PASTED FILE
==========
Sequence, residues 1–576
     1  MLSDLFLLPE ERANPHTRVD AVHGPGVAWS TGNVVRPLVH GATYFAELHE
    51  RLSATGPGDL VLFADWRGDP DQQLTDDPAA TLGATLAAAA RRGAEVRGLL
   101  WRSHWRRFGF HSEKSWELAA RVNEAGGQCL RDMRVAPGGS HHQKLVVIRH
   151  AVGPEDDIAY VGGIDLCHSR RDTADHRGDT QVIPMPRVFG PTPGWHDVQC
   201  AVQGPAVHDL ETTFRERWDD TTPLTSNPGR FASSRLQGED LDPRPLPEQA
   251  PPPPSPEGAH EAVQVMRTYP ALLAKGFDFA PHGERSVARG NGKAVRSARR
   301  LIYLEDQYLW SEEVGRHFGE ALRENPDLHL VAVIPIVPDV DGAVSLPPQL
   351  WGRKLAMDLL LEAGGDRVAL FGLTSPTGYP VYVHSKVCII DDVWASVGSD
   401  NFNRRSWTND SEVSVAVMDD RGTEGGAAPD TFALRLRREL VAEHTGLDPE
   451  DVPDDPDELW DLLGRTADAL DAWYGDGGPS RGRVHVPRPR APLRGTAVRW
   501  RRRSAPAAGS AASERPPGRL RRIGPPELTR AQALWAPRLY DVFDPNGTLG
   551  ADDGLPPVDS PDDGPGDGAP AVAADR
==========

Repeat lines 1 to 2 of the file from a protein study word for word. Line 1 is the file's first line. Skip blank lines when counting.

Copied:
Sequence, residues 1–576
     1  MLSDLFLLPE ERANPHTRVD AVHGPGVAWS TGNVVRPLVH GATYFAELHE